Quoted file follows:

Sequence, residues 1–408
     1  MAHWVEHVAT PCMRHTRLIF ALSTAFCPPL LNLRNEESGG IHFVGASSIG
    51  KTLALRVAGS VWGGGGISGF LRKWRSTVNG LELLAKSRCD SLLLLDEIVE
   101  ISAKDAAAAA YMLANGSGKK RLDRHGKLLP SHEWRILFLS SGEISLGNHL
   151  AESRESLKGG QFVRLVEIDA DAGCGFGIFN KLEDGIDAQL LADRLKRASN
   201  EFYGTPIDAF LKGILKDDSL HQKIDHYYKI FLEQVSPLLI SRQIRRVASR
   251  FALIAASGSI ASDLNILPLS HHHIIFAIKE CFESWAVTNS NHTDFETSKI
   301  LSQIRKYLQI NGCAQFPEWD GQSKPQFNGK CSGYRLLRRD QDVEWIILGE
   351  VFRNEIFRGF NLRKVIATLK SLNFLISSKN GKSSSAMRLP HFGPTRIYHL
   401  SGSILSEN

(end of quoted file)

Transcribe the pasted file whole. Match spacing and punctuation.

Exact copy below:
Sequence, residues 1–408
     1  MAHWVEHVAT PCMRHTRLIF ALSTAFCPPL LNLRNEESGG IHFVGASSIG
    51  KTLALRVAGS VWGGGGISGF LRKWRSTVNG LELLAKSRCD SLLLLDEIVE
   101  ISAKDAAAAA YMLANGSGKK RLDRHGKLLP SHEWRILFLS SGEISLGNHL
   151  AESRESLKGG QFVRLVEIDA DAGCGFGIFN KLEDGIDAQL LADRLKRASN
   201  EFYGTPIDAF LKGILKDDSL HQKIDHYYKI FLEQVSPLLI SRQIRRVASR
   251  FALIAASGSI ASDLNILPLS HHHIIFAIKE CFESWAVTNS NHTDFETSKI
   301  LSQIRKYLQI NGCAQFPEWD GQSKPQFNGK CSGYRLLRRD QDVEWIILGE
   351  VFRNEIFRGF NLRKVIATLK SLNFLISSKN GKSSSAMRLP HFGPTRIYHL
   401  SGSILSEN